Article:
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Saturday, October 26, 2013



I have heard this question many times from new patients coming into the practise or from emergency patients having problems with a tooth.  Of course the answer is never simple and always depends on the circumstances.
When someone has had a root canal treatment the tooth is now altered and may not feel exactly the way it did before.  The questions we must ask:  Is the tooth functional?  Can you eat on it without discomfort?  If you answer yes to both then there is no problem.  If the answer is no then there is a problem and that is what we will deal with in this blog.
Lets start with the simple.  If you just had a root canal yesterday and your tooth is hurting it is most likely some post op discomfort and it will most likely resolve shortly.  You can even get some swelling after the treatment which may need an antibiotic but then will resolve.
What we really want to discuss here is the tooth that had root canal treatment a while ago and you still can't eat on it.  General success of root canal treatment is in the very high range.  If a root canal treatment does not succeed there can be a number of reasons which in general amounts to bacteria still being in the root canal system.  This can happen because there may be an extra canal (or two) which we didn't find.  It can also be because the root canal system is so convoluted that we couldn't clean out the entire root canal system well enough.  Another reason that a root canal may fail is due to a fracture in the tooth which may never have been noticed.
So probably the more important question in all this is what can be done?
This question usually involves a discussion with your dentist because the answer is not always black and white.  If the root canal looks like it was done poorly then you would consider redoing it.  The results could be very good.  If the root canal looks like it was done well then you have to consider the cost benefit of redoing the root canal or apical surgery (all in an attempt to stop bacterial leakage into the surrounding tissues) versus extraction and implant placement. I have simplified things but as I said earlier this will involve a discussion between you and your dentist as to the proper course of action depending on your individual circumstances.

Having fun doing Dentistry in Hamilton Ontario

All the best
Dr. Ron Barzilay

PS you are welcome to follow the blog and leave comments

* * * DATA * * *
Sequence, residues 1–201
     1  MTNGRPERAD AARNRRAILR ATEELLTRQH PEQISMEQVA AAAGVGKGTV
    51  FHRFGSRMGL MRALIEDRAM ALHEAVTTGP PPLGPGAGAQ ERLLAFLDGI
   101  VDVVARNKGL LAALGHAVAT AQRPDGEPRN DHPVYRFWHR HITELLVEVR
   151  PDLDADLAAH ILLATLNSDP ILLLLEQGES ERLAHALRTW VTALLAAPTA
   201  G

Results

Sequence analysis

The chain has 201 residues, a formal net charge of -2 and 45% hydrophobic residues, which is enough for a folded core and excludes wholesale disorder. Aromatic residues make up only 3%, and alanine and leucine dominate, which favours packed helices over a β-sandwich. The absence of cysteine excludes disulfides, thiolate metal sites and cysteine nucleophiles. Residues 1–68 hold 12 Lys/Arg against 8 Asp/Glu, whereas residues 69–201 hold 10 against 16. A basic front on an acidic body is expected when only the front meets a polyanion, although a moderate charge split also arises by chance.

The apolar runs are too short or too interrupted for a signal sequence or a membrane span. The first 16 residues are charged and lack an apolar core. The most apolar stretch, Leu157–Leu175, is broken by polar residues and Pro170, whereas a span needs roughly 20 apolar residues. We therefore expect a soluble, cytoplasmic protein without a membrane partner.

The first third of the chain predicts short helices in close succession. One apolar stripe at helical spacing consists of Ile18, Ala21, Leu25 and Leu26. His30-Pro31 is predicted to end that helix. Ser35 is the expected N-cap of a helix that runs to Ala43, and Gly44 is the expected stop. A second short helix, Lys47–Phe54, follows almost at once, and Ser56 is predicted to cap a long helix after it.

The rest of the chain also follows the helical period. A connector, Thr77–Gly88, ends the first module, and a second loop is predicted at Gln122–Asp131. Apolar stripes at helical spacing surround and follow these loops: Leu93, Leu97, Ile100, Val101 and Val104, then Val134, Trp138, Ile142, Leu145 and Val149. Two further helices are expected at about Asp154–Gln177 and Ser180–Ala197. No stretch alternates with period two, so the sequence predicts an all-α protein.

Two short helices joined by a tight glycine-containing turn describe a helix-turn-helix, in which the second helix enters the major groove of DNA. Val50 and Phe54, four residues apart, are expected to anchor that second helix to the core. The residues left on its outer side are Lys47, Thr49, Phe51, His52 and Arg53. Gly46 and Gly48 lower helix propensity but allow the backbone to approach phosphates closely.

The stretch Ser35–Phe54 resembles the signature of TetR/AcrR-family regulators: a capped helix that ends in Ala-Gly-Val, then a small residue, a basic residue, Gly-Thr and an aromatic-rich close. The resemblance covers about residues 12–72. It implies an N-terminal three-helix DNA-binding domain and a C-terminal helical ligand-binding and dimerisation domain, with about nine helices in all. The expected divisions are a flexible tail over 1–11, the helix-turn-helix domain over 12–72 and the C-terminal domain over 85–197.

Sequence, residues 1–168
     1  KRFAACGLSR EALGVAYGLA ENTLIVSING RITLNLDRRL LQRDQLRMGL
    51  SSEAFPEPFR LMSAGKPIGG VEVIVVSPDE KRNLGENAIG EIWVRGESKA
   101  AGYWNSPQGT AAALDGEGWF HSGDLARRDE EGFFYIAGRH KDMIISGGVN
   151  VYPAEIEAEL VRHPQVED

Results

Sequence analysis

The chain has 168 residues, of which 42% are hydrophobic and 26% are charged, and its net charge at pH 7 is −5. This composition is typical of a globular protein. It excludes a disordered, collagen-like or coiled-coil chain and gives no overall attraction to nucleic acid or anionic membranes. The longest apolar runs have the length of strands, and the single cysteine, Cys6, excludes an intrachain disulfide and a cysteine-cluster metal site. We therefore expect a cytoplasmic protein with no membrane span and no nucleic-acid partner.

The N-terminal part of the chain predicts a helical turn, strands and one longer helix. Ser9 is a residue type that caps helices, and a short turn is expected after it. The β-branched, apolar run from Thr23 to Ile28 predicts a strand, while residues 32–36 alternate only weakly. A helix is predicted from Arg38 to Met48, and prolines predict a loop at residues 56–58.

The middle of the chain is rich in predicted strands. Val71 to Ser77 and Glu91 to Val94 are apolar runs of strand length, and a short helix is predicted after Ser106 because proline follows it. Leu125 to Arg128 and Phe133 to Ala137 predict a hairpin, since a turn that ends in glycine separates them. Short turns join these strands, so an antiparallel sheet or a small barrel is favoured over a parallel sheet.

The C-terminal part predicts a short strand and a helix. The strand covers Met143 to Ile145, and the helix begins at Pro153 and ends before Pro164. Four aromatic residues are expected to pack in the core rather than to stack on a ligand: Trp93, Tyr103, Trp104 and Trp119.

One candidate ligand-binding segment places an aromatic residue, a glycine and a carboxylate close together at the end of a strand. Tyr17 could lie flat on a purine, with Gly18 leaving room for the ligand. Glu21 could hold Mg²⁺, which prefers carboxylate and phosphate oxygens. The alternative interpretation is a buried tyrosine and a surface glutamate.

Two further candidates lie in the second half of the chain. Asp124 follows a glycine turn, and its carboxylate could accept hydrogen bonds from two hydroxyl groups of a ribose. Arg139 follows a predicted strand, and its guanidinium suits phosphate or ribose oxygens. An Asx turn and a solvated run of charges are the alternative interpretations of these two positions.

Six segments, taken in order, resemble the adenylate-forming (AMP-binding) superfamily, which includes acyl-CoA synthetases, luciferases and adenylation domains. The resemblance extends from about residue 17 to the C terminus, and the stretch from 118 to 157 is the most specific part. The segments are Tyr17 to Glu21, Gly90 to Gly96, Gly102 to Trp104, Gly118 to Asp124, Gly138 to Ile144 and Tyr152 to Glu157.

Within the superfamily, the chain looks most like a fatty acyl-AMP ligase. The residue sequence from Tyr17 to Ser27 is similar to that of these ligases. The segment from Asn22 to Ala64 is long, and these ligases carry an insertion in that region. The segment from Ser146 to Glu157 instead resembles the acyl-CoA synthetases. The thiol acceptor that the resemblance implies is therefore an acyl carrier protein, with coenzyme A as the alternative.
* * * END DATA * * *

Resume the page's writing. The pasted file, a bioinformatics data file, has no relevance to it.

1. Hi, I am in Israel and I saw some of your posts online. I have a question for your kind assistance: About 4 years ago I had a root canal done on one of my front upper teeth. It has blackened somewhat, but that is not my concern. My dentist did NOT put a crown on it at all. Is that negligent? Will my tooth break eventually? Would really appreciate your feedback. Thanks you in advance,


    1. Harvey, yes I do know about Barzilai Medical Center in Ashkelon. No relation to me although I did practise for a number of years in Jerusalem. Nice to see that I am being read in Israel.
      Regarding your front tooth. You almost always need a crown on the back teeth after a root canal. This is because during the root canal treatment, a lot of tooth structure is destroyed and due to the direction of forces that goes on during the grinding of your food on the back cusps, these teeth are more likely to break after a root canal treatment. To prevent this we crown the posterior teeth.
      The front teeth are different. The force on these teeth go through the teeth longitudinally from the edge of the tooth to the root and therefore breakage is not a concern. In other words, the tearing that the front teeth do, does not dispose them to force that can generally break them as opposed to the grinding forces that can break the posterior teeth. Now there is a caveat here. Sometimes there is so much tooth structure destroyed ( for various reasons such as decay or trauma) that a crown is still required to replace the missing tooth structure.
      Harvey, I can only answer your questions in a general way as I have not examined you or taken x-rays of the tooth. your dentist negligent? I don’t think so. Will my tooth break eventually? I hope not but there are so many factors involved in that question I will say , probably not but who knows.
      Again Harvey, without actually examining I cannot give you real diagnosis and probabilities only guesses and possibilities. I hope that I have helped a little.
      All the best
      Dr. Ron Barzilay

      Oh yes, follow the blog if you get a chance and your comments are always welcome.